Three American universities have received government coronavirus funding to create a mobile app combining contact-tracing with an individual "risk score" - mimicking the Chinese apps the US denounced as dystopian nightmares.
The University of Southern California, Emory University, and the University of Texas Health Science Center began work last week on a mobile app that will track the user's location and Covid-19 symptoms in real time, in the name of "quarantine and decontamination." The idea is to bestow individual "risk scores" upon not only individuals, but the public locations they visit. Will it stop there, or will it dovetail with the privatized de-facto social credit score already being cobbled together by Big Tech in conjunction with Big Brother?
Media coverage of the project neglects to specify whether installing the app will be mandatory for incoming students, but there's plenty of precedent for forcing students to submit to tracking in order to attend class. A tracking app called Spotter had already been forced on students, pre-coronavirus, at the University of Missouri, the University of North Carolina at Chapel Hill, and Duke University, among other campuses.
If colleges assigning incoming students a "risk score" based on their behavior as tracked by their cell phones sounds like a Black Mirror episode, it's not far off. The virus-tracking project is based on a similar app rolled out in China (and widely condemned in the US) that bestowed color-coded risk ratings based on people's exposure to carriers, in the standard-issue traffic-light colors of red, green and yellow. The colleges hope to have a mobile app ready by August, in time for the start of the fall semester.
China's social credit score is held up as the ne plus ultra of dystopian tracking systems, but the disconcerting multitude of companies scrambling to get in on the ground floor of tracking American citizens under the guise of fighting the coronavirus has the potential to make Beijing's system look positively tame by comparison. From former Microsoft CEO Bill Gates' proposed "digital certificates" to failed presidential candidate Mike Bloomberg's private army of disease detectives to Google and Apple's contact-tracing platform, Americans' infection status has become a hot commodity.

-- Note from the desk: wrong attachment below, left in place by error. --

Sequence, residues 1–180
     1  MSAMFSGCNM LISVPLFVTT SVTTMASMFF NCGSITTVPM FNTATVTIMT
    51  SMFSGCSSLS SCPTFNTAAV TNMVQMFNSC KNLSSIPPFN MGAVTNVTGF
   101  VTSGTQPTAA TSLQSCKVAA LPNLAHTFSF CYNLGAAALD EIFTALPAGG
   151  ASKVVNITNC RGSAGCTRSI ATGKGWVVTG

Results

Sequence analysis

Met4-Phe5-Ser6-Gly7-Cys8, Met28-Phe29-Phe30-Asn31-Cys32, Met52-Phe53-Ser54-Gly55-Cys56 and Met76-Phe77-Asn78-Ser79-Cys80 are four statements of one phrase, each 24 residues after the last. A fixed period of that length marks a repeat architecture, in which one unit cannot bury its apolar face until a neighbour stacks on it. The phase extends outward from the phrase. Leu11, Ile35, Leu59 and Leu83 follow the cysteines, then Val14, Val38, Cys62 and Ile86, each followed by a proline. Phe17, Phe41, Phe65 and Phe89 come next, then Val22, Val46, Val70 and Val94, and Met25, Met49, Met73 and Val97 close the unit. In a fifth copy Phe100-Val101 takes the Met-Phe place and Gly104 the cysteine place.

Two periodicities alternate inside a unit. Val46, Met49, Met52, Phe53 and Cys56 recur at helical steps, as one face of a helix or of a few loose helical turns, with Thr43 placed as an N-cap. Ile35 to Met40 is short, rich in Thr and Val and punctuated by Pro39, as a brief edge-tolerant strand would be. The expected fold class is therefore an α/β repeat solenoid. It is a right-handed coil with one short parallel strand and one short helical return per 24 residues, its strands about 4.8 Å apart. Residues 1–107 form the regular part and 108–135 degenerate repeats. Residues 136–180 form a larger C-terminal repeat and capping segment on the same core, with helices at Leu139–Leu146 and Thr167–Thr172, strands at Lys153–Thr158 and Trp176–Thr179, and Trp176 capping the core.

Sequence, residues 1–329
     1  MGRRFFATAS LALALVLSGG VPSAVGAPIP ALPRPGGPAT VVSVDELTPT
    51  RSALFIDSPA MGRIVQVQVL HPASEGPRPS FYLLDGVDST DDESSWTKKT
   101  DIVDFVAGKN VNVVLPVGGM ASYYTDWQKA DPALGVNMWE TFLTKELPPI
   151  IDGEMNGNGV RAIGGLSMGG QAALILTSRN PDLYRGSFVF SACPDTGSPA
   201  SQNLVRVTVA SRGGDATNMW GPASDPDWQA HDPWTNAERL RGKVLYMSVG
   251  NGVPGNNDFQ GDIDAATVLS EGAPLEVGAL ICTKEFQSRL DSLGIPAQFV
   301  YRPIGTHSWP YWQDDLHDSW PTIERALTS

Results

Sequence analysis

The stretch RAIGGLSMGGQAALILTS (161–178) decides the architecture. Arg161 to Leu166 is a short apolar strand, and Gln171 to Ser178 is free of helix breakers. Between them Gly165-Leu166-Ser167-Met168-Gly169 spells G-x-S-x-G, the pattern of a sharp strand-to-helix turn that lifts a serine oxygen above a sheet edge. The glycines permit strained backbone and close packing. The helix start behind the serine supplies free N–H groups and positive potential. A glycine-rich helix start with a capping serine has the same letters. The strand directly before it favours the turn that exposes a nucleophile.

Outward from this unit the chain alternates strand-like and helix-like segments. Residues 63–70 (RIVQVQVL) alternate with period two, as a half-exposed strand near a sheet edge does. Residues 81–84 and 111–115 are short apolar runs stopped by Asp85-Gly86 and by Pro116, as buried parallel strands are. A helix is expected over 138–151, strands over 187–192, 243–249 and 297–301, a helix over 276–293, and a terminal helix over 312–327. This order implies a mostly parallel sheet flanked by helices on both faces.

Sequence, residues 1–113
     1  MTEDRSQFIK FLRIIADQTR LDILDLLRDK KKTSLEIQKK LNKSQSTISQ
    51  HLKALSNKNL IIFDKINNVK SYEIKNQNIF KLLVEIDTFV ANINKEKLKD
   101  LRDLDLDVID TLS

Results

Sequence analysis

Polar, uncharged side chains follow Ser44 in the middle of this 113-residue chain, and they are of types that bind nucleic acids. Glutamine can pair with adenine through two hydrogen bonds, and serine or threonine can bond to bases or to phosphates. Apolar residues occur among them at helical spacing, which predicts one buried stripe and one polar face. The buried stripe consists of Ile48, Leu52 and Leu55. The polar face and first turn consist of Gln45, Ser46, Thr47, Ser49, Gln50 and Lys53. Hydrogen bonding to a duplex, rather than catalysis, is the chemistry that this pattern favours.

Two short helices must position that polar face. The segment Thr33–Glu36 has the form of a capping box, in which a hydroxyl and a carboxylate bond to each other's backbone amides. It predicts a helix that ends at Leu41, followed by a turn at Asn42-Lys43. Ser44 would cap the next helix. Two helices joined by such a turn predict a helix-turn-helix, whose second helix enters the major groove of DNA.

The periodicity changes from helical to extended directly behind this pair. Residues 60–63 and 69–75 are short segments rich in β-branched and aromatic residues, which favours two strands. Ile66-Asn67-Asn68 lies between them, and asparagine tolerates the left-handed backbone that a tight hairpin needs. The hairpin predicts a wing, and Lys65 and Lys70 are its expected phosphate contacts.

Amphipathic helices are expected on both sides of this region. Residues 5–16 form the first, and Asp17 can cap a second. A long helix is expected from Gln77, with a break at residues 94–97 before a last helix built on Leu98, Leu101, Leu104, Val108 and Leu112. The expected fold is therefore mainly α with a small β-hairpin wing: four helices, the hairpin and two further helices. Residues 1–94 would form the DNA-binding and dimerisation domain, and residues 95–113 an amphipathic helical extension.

At the same time as the private sector is falling all over itself to offer its surveillance services to Washington, public-sector efforts are falling on their face. The UK's contact-tracing app was widely panned on Monday after early trials showed it was buggy and invasive, while Germany's efforts to develop a privacy-preserving platform were snarled by a roadblock built into Apple's iOS. The megacorporation refused to allow the government-backed platform access to Bluetooth data, forcing Berlin to knuckle under and sign on to its private-sector competition. Meanwhile, more than half of Americans have expressed reluctance to embrace Big Brother in the form of a contact-tracing smartphone app.
An epidemiologist told tech outlet Dot.LA they understood the uphill battle they faced, admitting "It's going to be difficult to get Americans to agree to involuntary surveillance."
However, social media has already laid the groundwork for the US' private-sector social-credit score. An individual who espouses the wrong ideas on Twitter or Facebook finds themselves not only removed from that platform, but often as not booted from Paypal or even asked to close their bank account. Given that a Covid-19 "risk score" will be carried on the same phone as an individual's social media accounts, and the "exposure alert" platform Google and Apple are working on will eventually be built into the operating system, it's not outlandish to imagine that these systems will ultimately communicate with each other.
Even as the American mood continues to disdain mass surveillance, university guinea pigs have always been more pliable than the population at large. Between the general naivety of young adults fresh out of the nest and the heavy weight of student loans college students carry - especially given the Covid-19-decimated job market - any experimental program that offers students a few bucks is likely to be welcomed. And even if it doesn't pay, today's college students have grown up under the eye of Big Brother - tracked by social media, watched by ubiquitous surveillance cameras, their every move analyzed by marketing firms. Any objection to a "risk score" app, especially if presented for their own good, is likely to be muted.
While most outside university pay little attention to what's going on inside, the experimental modes of thought - and, increasingly, the surveillance technologies - being foisted onto students there have an unfortunate tendency to escape campus and infect "normal" society. Anyone who believes that what happens in university stays there need only look at the "political correctness" plague that has taken Western society by storm. Professors pushing the concept decades ago instilled it into the brains of their charges, who became the "woke" thought police currently cracking the whip over the brains of the intelligentsia. Their example should not be ignored.
The young adults being taught to believe social credit scores "because coronavirus" are normal will eventually graduate from university and enter the workplace, bringing with them ideas that would horrify their parents. If it upsets you to hold your tongue because of some "woke" idea of what ‘free speech' must exclude, imagine what other types of freedom this model can destroy.
Like this story ? Share it with a friend !
is an American journalist and political commentator at RT. Follow her on Twitter @velocirapture23
The statements, views and opinions expressed in this column are solely those of the author and do not necessarily represent those of RT.